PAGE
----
The most recommended historical romance novels

Who picked these books? Meet our 828 experts.

828 authors created a book list connected to historical romance, and here are their favorite historical romance novels.

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Book cover of Mary Barton: A Tale of Manchester Life

Don LePan Author Of Animals

From my list on to help us think of and want to help others.

Why am I passionate about this?

Like just about everyone, I was taught in childhood that we should think of others and help others. But then we start to hear different messages: “it’s naïve to think you can make the world a better place,” “you’re better off trying to help yourself—don’t waste your time with misguided attempts to help others,” "it’s sanctimonious to be a do-gooder,” and on and on it goes. The fact is, we can help to make the world a better place (without being sanctimonious). And we all should. We can volunteer, donate to good causes, eat less meat (or no meat at all), fly and drive less (or not at all!). And, as these authors have shown, the books we write can also make a real contribution.  

Don's book list on to help us think of and want to help others

Don LePan Why did Don love this book?

Gaskell wrote this novel at a time when workers and their families in Britain’s industrial cities labored under intolerable conditions, and it was all too common for their suffering “to pass unregarded by all but the sufferers,” as Gaskell puts it in her preface. Her aim in writing the novel was to bring their plight to the attention of those better off—and to engender sympathy for their plight in the hearts and minds of readers. In the first half of the novel, she succeeds completely; it would be impossible for any reader to remain unmoved while reading of the lives of the Wilson family and the Barton family. The second half of the novel succeeds less fully, but the first half remains as powerful a piece of writing as I have ever read.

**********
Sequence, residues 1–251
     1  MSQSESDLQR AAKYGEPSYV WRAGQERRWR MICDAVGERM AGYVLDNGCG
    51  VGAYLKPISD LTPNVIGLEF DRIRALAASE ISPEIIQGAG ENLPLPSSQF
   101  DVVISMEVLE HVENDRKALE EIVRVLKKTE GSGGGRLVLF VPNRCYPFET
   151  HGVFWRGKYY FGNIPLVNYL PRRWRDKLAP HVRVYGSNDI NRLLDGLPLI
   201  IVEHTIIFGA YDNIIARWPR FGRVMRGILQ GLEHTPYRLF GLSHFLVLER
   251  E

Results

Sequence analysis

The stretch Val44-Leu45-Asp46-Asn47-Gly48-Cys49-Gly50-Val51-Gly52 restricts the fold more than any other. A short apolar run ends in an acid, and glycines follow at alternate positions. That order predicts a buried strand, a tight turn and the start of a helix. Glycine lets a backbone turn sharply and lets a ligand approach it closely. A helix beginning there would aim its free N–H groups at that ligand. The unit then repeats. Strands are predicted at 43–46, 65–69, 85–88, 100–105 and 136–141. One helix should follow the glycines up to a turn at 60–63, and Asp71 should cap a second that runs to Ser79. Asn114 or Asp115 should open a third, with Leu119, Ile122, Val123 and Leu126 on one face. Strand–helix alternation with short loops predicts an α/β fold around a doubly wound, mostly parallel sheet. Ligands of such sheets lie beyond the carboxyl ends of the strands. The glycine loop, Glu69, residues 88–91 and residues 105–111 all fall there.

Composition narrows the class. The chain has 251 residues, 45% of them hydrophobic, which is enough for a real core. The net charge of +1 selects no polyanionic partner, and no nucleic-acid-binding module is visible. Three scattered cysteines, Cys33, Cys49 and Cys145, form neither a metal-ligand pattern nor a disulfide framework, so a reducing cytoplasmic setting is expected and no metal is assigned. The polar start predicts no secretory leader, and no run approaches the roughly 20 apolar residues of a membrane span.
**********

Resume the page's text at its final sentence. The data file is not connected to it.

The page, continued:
By Elizabeth Cleghorn Gaskell, Jennifer Foster (editor),

Why should I read it?

1 author picked Mary Barton as one of their favorite books, and they share why you should read it.

What is this book about?

Mary Barton first appeared in 1848, and has since become one of the best known novels on the 'condition of England,' part of a nineteenth-century British trend to understand the enormous cultural, economic and social changes wrought by industrialization. Gaskell's work had great importance to the labour and reform movements, and it influenced writers such as Charles Dickens, Thomas Carlyle and Charlotte Bronte.

The plot of Mary Barton concerns the poverty and desperation of England's industrial workers. Fundamentally, however, it revolves around Mary's personal conflicts. She is already divided between an affection for an industrialist's son, Henry Carson, and for…


Book cover of The Mistletoe Countess

Karen Witemeyer Author Of Head in the Clouds

From my list on sweet historical romance to tickle your funny bone.

Why am I passionate about this?

I love to laugh. Whether my oldest son and I are trading bad puns, my husband is teasing, my daughter and I are chuckling over a rom-com, or my youngest son is rolling his eyes and groaning at all of us, my family loves to laugh. Humor creates joy, relieves stress, and is just plain fun. That's what I look for in a good read. The world offers plenty of negativity and hardship. When I escape into a novel, I want fast-paced adventure and swoony romance, but I also want a reason to smile. That's the experience I love, and the one I endeavor to give my readers.

Karen's book list on sweet historical romance to tickle your funny bone

Karen Witemeyer Why did Karen love this book?

This is such a fun book! The book-loving heroine is so upbeat and full of sunshine. Grace loves whimsy yet manages to keep her feet on the ground. I loved how she uses her experience with fiction to solve mysteries and escape harrowing situations. Lord Astley is haunted by past mistakes but his brooding nature can't stand against Grace's guileless enthusiasm. A marriage of convenience, a villain on the prowl, and a house with secret passageways. What's not to love? Riddled with laugh-out-loud moments, this book should not be missed at Christmas or any other time of year.

By Pepper Basham,

Why should I read it?

2 authors picked The Mistletoe Countess as one of their favorite books, and they share why you should read it.

What is this book about?

Will the magic of Christmas bring these two newlyweds closer together, or will the ghosts of the past lead them into a destructive discovery from which not even a Dickens’s Christmas can save them?